Many people manage their tasks using a to-do list. Everything they need need to work on at some point ends up on that list, and they measure their productivity by looking at the number of tasks completed in a certain amount of time. While I’m a big fan of checklists—which have a clear objective—I don’t think to-do lists should be managed the same way a shopping list would. It’s great to have a place to dump all your tasks in, but how do you decide what to work on next?
Three factors to decide what to work on next
There are many decision-making frameworks such as the Eisenhower matrix of prioritisation, where you categorise your tasks based on whether they are urgent and important, important but not urgent, urgent but not important, or neither urgent nor important.
There is also the DECIDE framework of decision-making. Most of these are pretty solid, but they fail to take into account the inner workings of the human mind and the complex factors that impact our levels of productivity.
Besides deciding on a rational level what you should work on next, you need to consider the following factors.
- Environment. Where are you working from? Are you on-the-go, working on your phone, or comfortably installed in front of your computer at work? Are you working from home? If so, is it quiet, or are your kids running around? Are you in a busy coffee shop, or in a coworking space? What tools do you have access to? All of these matter to decide what to work on next. For example, a designer may need a tablet for certain tasks. Some people work best with a bit of ambient noise. Research shows that your work environment has a huge impact on your performance and productivity. Depending on where you’re working from, you may choose tasks that may fit your current environment better, such as reading a report while you’re commuting, or doing some deep work while you’re working from home.
- Energy. Similarly, your energy levels will impact your productivity and should help you decide what to work on next. Are you feeling tired or stressed? Creative and energised? Some tasks may require little cognitive effort, some may be more fun than others. Depending on your energy levels, you may pick a task that’s more exciting or less intense.
- Time. Finally, it may seem obvious but how long a task will take to complete is an important factor to decide what to work on next. We are notoriously bad at multitasking, so it’s crucial to pick a task that is doable in the next uninterrupted block of time you have to work on it.
Considering these three factors is especially important for personal projects, where you don’t have a specific deadline or objective ranking in terms of how important an overall project is.
In the context of mindframing
If you have a long term objective, such as learning how to code or launching a new product, it may be hard sometimes to figure out what to work on next. The three previous factors also apply in the context of mindframing, a personal growth framework designed to achieve your long-term goals.
For those who are not familiar with mindframing, there are four steps to the method: Pact, Act, React, Impact.
- Pact. Making a commitment to dedicate a certain amount of time or a certain number of repetitions towards your goal, for example #100daysofcode or #200wordsaday.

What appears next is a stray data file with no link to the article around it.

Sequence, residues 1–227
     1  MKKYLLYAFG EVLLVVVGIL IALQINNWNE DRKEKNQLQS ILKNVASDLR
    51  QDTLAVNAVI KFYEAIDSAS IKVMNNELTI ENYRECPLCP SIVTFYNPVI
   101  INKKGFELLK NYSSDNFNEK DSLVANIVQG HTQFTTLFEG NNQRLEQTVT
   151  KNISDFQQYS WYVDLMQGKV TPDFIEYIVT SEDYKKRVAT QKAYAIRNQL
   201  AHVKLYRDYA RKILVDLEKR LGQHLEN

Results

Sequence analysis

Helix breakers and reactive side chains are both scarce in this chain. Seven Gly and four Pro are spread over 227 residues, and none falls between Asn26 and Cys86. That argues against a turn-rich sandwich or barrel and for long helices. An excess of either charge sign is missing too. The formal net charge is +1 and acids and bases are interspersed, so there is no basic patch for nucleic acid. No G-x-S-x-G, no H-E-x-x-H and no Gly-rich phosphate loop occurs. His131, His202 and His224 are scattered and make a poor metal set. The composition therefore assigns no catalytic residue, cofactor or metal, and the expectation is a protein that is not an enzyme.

- Act. Simple and repeatable activities that will bring you closer to achieving your goal. This step works best with time blocking.
- React. Self-reflection to consolidate what you learn and to adapt in case your approach is not working. While you can keep these to yourself, it’s even better if you share your progress in public.
- Impact. A more challenging projects building on everything you learned in the first phases, such as your first web application, an ebook, a marathon.
As you can imagine, each of the PARI phases requires a different environment, amount of energy, and amount of time. Not everyone will have the same criteria, but here is an example of what my work productivity matrix looked like when I was learning how to code.
The Pact phase didn’t take that much time and energy, but it helped to be in an energising environment with friends who were also excited about the prospect of learning how to code. For the Act phase, I needed a quiet environment to be able to hear the lectures properly, and I definitely needed more time and energy.
For the React phase, the time commitment varied greatly depending on whether I was writing a blog post or just sharing a tweet about my progress. Finally, for the Impact phase, I needed to be extremely focused. In my case, this doesn’t mean quiet—I actually focus best with a bit of ambient noise around me when it comes to creative work.
Using the three factors I described before, it became easier to decide what to work on next. Quiet environment, not too tired, and a decent amount of time? I’d go through a tutorial for the Act phase. In a busy coffee shop and not too much time before my next meeting? I’d write a quick tweet with the top things I had learned that week. In the same busy coffee shop with a bit more time? That sounds like a good time to write a blog post.
Obviously, these three factors on their own are not enough to decide what to work on. As I mentioned, the Eisenhower matrix of prioritisation and the DECIDE framework of decision-making are great tools in a rational work environment. But for personal projects, where there’s no measurable sense of urgency or importance beside your desire to grow as a person, considering your environment, energy levels, and time available is a great way to decide what to work on next.
Anne-Laure Le Cunff
I’m an ex-Googler, entrepreneur, and part-time neuroscience student at King’s College. If you found this article useful, subscribe to my weekly newsletter about mindful productivity.
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